Wednesday, 24 Jun 2015 03:00am

BY JASMINE STOLE | VARIETY NEWS STAFF

THE long-awaited luxury hotel Dusit Thani Guam Resort in Tumon is starting to accept reservations for hotel rooms beginning on July 1, according to the hotel’s website.

Dusit Thani officials did not confirm a soft opening date yesterday. The company is advertising room rates that are part of an opening special promotion, starting at $278 a night, excluding taxes and fees. According to the hotel’s website, the rates are discounted at 20 percent for this opening promotion.

Dusit Thani General Manager Dean Huntsman said in April the hotel expected to hold a soft opening sometime this month. The soft opening would include opening 200 rooms for guests, according to hotel officials. Dusit Thani will offer more than 400 rooms in total.

After the passage of Typhoon Dolphin on May 15, the hotel soft opening was again pushed back to a later time, although an opening date was not specified, according to Mindy Aguon, Dusit Thani public relations manager. Earlier this month, Aguon said the hotel was in “the homestretch” and would be opening doors and welcoming guests soon.

Throughout the rest of the year, additional rooms, dining and entertainment venues, a convention center and banquet facilities will be opening as well. Aguon said official opening events will take place later this year.

Dusit is offering an oceanfront twin room with a view of Tumon Bay from a private balcony for $278 a night and deluxe oceanfront room for $328 a night. The most expensive room available for guests is a 43-square-meter Dusit Club oceanfront room. It features two double beds, an “en-suite bathroom with premium amenities” and costs $487 a night, without taxes.

The special opening promotion prices are valid from July 1 through September, according to the website.

In April, Huntsman said he expected room rates to be higher than other hotel room rates because the hotel is considered a five-star facility.

Dusit Thani Guam Resort will be 30 stories and feature the island’s largest convention center. It is part of Dusit International, a resort development company based in Thailand that offers hundreds of luxury hotels, resorts and apartments throughout the Asian region, according to the Dusit website.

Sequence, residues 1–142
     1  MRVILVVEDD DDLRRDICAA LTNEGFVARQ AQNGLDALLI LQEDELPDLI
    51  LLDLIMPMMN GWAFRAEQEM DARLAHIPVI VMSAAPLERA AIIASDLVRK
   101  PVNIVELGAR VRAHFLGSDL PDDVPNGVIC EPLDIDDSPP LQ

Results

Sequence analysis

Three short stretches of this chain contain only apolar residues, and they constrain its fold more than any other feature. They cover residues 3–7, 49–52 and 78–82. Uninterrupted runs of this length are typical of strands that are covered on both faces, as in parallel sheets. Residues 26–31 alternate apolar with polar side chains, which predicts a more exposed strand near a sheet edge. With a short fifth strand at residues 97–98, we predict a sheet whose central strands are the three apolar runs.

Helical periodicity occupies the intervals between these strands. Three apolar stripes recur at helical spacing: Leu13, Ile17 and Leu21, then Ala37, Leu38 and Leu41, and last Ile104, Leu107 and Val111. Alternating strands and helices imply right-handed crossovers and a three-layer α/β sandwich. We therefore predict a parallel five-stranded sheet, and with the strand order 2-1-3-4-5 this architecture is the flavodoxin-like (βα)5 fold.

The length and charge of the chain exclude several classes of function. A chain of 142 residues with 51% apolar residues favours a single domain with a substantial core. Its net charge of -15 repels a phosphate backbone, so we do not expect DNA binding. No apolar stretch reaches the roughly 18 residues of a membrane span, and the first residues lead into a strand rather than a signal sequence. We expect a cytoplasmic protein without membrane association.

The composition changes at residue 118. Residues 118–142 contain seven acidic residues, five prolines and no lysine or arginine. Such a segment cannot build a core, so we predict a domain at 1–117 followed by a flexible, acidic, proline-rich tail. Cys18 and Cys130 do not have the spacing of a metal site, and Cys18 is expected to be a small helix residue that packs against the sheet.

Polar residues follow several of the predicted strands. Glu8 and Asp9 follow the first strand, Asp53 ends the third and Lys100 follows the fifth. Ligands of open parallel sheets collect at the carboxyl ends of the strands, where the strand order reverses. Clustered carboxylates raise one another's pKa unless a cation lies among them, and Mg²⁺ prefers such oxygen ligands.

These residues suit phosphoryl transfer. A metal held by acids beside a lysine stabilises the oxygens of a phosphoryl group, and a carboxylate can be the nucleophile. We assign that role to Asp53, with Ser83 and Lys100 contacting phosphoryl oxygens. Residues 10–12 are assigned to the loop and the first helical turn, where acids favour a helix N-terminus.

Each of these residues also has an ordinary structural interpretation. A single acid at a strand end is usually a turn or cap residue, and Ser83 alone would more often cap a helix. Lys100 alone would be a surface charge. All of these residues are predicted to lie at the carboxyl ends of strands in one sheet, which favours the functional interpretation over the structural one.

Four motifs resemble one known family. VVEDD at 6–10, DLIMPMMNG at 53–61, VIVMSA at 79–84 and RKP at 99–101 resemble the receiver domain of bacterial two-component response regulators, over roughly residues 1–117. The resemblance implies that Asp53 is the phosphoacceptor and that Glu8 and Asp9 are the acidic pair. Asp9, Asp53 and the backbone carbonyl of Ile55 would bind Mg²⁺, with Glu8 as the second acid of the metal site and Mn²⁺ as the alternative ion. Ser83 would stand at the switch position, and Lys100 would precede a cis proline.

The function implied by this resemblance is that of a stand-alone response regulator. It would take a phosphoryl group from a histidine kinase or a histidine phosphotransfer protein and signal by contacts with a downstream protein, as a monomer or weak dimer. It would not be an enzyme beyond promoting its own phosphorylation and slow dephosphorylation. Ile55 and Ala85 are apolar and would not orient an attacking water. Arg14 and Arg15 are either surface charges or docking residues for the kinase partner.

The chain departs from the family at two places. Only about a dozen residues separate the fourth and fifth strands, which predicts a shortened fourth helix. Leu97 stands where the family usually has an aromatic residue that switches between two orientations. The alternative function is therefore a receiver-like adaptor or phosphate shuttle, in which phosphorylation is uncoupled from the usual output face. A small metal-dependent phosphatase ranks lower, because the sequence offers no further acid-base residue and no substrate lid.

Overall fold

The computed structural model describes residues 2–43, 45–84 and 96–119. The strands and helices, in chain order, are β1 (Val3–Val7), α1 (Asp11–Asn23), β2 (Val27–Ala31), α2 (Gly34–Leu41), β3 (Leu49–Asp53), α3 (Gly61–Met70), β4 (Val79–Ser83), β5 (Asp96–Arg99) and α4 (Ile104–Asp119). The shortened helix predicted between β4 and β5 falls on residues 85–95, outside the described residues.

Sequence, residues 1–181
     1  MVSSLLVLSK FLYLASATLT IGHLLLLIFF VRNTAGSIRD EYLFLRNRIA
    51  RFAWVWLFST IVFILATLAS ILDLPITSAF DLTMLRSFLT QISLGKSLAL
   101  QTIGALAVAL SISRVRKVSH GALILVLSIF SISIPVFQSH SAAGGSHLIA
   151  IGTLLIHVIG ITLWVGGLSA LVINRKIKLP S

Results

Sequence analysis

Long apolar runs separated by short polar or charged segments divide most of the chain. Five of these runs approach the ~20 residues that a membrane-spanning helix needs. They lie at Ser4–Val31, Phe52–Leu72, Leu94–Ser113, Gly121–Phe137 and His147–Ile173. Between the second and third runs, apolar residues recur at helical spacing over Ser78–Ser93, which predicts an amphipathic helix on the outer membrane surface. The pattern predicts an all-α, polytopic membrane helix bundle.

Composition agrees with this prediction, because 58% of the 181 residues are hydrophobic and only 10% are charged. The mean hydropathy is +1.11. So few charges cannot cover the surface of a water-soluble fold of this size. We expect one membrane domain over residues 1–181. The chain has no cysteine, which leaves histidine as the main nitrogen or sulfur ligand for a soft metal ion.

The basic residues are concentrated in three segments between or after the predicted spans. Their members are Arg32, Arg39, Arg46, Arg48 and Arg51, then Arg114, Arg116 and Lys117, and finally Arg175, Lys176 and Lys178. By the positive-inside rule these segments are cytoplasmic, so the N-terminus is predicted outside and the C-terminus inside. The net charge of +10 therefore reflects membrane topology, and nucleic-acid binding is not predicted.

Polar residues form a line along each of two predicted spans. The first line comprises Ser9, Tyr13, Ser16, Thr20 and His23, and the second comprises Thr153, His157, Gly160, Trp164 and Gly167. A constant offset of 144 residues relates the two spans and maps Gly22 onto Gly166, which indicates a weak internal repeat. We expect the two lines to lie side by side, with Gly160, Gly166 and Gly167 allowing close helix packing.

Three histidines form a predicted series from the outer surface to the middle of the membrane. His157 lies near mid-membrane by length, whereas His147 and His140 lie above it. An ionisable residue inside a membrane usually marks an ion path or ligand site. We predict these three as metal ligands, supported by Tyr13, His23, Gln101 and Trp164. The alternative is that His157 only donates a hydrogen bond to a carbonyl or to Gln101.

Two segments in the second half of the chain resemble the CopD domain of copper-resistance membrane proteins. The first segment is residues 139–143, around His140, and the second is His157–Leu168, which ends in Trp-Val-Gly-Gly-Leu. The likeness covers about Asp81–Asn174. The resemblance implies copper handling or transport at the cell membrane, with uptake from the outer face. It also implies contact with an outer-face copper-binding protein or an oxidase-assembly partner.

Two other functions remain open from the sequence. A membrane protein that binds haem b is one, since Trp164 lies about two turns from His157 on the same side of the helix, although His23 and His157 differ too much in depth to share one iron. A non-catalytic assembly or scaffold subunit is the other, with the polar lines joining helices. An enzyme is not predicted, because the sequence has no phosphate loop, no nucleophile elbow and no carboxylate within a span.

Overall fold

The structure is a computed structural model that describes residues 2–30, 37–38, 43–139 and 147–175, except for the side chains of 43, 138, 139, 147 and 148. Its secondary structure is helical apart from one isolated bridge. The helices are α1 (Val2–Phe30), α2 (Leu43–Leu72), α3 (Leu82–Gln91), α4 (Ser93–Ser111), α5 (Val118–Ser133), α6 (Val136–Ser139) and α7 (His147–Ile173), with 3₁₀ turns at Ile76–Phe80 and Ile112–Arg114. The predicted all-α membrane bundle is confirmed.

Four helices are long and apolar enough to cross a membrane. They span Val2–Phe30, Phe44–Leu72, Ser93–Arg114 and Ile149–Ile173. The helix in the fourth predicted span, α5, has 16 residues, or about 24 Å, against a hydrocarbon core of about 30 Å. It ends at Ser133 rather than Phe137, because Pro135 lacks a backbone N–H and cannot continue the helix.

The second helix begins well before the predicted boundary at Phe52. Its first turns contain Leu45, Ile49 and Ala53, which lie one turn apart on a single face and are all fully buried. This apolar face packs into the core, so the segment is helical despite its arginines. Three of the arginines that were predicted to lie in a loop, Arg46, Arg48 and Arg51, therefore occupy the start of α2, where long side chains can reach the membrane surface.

In April, 142 people had been hired to work at the hotel, almost half of the estimated 350 positions available. Aguon said in April that interviews were being conducted on a daily basis.

Senator: Plan for new public hospital expected in three weeks

Wednesday, 24 Jun 2015 03:00am

BY JASMINE STOLE | VARIETY NEWS STAFF

THE task force formed under the guidance of Sen. Dennis Rodriguez to develop plans for a new public hospital will likely have a report proposing two options in three weeks, according to the senator.

In April, the senator unveiled his task force’s intent to develop a plan of action for a new state-of-the-art public hospital for Guam within 60 days.

“I know that we may be a little delayed. We had 60 days from the first meeting which is going to be next week. But it’ll be probably another two weeks to come up with the report. From there, that’s where legislative action will be needed,” Rodriguez said. Rodriguez said he plans to introduce another bill related to the upcoming report for a new public hospital after the report is complete. Financing another public hospital has to be part of the legislation, Rodriguez said.

The report will have at least two options, the details of which will be released later, the senator said.

“There are a lot of options that we took a look at,” the senator said. “If you take a look at other states, that is the trend now, that government is getting out of operations of hospitals and having private partnerships or outright having private hospitals.”

In April, Rodriguez said at a press conference that the task force would be developing a plan of action with a business model that included potential public-private partnership to ensure long-term financial sustainability and plans to privatize certain hospital services.

While he opted not to speak for the task force as a whole, Rodriguez said he personally thinks the hospital needs a new business model.

Assistance

Rodriguez said the task force has received some assistance from Roseann Jones, an economics professor at the University of Guam. “She has a lot of information in terms of the health care industry. Whatever we do with the hospital, we need to take a look at the whole picture,” Rodriguez said. “I asked her to help and I think she’s a perfect fit.”

While he said he has not received feedback from his colleagues in the 33rd Guam Legislature, Rodriguez said he hopes fellow senators are supportive of the plan.

“I’m hoping that it’s well-received by my colleagues and also by the community,” he said. “Because for decades this model that we have to run a hospital is something we also need to improve.”

Rodriguez said the hospital’s main challenge has been finding funding. “That’s what we’ve been doing for years, decades. Maybe it’s time to look at other possibilities,” he said.

For decades, GMH has been operating in the red because, among other problems, GMH is obligated to serve all patients, even those who do not have the ability to fully pay for services, according hospital officials.